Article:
Figure 2: The Microsoft Graph APIs enable developers to connect to the data that drives productivity – mail, calendar, contacts, documents, directory, devices, and more.

One of the requirements in developing our model is the ability to support fine-grained user interaction. Most existing NLIs provide users with little help in case of incorrect interpretation of user commands. We hypothesize that the support of fine-grained user interaction can greatly improve the usability of NLIs.

We developed a modular sequence-to-sequence model (see Figure 3) to enable fine-grained interaction of NLIs. To achieve that, we use a sequence-to-sequence architecture but decompose the decoder into multiple interpretable components called modules. Each module specializes in predicting a pre-defined kind of output, for example, instantiating a specific parameter by reading the input utterance in NL2API. After some simple mapping, users can easily understand the prediction of any module and interact with the system at the module level. Each module in our model generates a sequential output instead of a continuous state.

Figure 3: Modular sequence-to-sequence model. The controller triggers a few modules, each of which instantiates a parameter.

Modules: We first define modules. A module is a specialized neural network that is designed to fulfill a specific sequence prediction task. In NL2API, different modules correspond to different parameters. For example, for the GET-Messages API the modules are FILTER(sender), FILTER(isRead), SELECT(attachments), ORDERBY(receivedDateTime), SEARCH, and so on. The task of a module, if triggered, is to read the input utterance and instantiate a full parameter. To do that, a module needs to determine its parameter values based on the input utterance. For example, given an input utterance “unread emails about PhD study,” the SEARCH module needs to predict that the value of the SEARCH parameter is “PhD study,” and generate the full parameter, “SEARCH PhD study,” as its output sequence. Similarly, the FILTER(isRead) module needs to learn that phrases such as “unread emails”, “emails that have not been read” and “emails not read yet” all indicate its parameter value is False. It is natural to implement the modules as attentive decoders, as in the original sequence-to-sequence model. However, instead of a single decoder for everything, now we have multiple decoders, each of which is specialized in predicting specific parameters. Moreover, because each module has clearly defined semantics, it becomes straightforward to enable user interaction at the module level.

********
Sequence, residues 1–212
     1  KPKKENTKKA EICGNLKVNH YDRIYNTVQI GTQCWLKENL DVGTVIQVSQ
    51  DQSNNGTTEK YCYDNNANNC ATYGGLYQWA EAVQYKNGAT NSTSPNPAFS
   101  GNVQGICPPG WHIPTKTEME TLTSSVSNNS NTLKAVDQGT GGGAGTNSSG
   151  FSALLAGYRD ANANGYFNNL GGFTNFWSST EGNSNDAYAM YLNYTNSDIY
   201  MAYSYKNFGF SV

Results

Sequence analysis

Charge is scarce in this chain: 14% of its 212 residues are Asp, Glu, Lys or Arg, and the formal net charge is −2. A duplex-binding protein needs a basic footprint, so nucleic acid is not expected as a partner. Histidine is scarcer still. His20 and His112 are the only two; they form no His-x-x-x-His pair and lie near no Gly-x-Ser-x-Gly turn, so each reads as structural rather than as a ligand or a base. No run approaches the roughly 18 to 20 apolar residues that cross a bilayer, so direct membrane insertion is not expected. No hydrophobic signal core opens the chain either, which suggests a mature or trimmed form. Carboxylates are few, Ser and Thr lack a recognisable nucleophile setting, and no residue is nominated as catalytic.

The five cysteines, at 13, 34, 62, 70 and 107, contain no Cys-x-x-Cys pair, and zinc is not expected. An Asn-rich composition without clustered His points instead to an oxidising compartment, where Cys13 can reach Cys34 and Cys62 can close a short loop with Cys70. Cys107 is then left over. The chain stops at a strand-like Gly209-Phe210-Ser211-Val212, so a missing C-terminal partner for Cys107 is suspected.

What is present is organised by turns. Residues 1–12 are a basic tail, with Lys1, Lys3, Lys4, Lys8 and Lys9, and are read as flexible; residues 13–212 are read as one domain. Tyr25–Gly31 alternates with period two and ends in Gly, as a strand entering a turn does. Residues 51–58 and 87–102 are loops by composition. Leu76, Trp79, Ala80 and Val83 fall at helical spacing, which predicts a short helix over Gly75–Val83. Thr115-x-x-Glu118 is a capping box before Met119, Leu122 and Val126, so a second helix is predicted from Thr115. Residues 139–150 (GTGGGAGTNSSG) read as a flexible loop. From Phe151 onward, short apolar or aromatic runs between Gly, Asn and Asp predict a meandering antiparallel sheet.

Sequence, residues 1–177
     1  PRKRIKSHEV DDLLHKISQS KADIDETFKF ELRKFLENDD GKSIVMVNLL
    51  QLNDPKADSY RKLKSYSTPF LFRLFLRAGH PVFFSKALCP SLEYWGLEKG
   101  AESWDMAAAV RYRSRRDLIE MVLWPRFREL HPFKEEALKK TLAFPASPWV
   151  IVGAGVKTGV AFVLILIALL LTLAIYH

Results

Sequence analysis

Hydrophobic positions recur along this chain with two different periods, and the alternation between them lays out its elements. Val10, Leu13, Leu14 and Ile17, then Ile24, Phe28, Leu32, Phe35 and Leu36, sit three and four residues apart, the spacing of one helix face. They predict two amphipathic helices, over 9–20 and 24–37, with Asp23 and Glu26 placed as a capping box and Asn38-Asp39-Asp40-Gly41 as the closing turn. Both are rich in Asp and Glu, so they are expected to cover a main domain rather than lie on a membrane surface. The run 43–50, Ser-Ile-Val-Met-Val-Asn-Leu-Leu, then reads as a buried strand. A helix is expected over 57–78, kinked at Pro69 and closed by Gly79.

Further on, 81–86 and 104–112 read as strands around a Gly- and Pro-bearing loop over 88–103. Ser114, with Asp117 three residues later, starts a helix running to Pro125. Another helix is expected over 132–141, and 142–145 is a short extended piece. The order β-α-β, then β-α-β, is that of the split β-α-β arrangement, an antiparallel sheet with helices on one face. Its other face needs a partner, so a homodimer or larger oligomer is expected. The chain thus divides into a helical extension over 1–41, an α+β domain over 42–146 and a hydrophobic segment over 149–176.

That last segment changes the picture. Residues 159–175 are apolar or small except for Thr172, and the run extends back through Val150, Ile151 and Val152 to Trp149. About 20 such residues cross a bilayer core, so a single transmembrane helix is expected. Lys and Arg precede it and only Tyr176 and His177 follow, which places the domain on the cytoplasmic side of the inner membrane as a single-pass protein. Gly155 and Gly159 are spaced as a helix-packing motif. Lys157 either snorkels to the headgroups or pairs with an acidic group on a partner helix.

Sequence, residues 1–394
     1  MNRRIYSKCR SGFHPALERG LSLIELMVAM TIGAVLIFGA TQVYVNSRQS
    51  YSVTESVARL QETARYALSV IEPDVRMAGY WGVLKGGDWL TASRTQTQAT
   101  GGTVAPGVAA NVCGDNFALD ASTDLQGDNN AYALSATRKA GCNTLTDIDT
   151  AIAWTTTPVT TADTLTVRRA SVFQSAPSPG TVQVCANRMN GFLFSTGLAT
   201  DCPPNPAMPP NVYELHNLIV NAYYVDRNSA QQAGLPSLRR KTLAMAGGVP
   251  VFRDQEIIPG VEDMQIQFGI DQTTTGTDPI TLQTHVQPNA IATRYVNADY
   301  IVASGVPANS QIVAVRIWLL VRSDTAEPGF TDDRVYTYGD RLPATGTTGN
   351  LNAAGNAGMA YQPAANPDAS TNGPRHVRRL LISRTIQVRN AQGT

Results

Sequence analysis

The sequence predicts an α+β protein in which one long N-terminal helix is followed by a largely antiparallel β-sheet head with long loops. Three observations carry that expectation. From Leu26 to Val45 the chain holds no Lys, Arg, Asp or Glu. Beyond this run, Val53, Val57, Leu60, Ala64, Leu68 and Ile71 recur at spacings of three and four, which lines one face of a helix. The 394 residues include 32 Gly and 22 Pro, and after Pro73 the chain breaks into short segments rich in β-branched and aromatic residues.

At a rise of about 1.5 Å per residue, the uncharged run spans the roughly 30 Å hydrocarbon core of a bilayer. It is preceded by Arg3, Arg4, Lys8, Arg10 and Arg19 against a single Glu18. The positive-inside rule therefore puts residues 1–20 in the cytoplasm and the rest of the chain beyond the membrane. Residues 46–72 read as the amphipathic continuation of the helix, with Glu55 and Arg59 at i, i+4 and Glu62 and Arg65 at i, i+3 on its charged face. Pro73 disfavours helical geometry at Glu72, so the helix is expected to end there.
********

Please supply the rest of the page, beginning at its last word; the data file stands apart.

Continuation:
Controller: For any input utterance, only a few modules will be triggered. It is the job of the controller to determine which modules to trigger. Specifically, the controller is also implemented as an attentive decoder. Using the encoding of the utterance as input, it generates a sequence of modules, called the layout. The modules then generate their respective parameters and finally the parameters are composed to form the final API call.

By decomposing the complex prediction process of a typical sequence-to-sequence model into small, highly-specialized prediction units called modules, the model prediction can be easily explained to users and user feedback can be solicited to correct possible prediction errors at a granular level. In our research, we test our hypothesis by comparing an interactive NLI with its non-interactive version through both simulation and human subject experiments with real-world APIs. We show that with interactive NLIs, users can achieve a higher success rate and a lower task completion time, which lead to greatly improved user satisfaction.

For more details, we encourage you to read our paper, Natural Language Interfaces with Fine-Grained User Interaction: A Case Study on Web APIs to be presented at SIGIR 2018 in Ann Arbor, Michigan.

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Building Natural Language Interfaces to Web APIs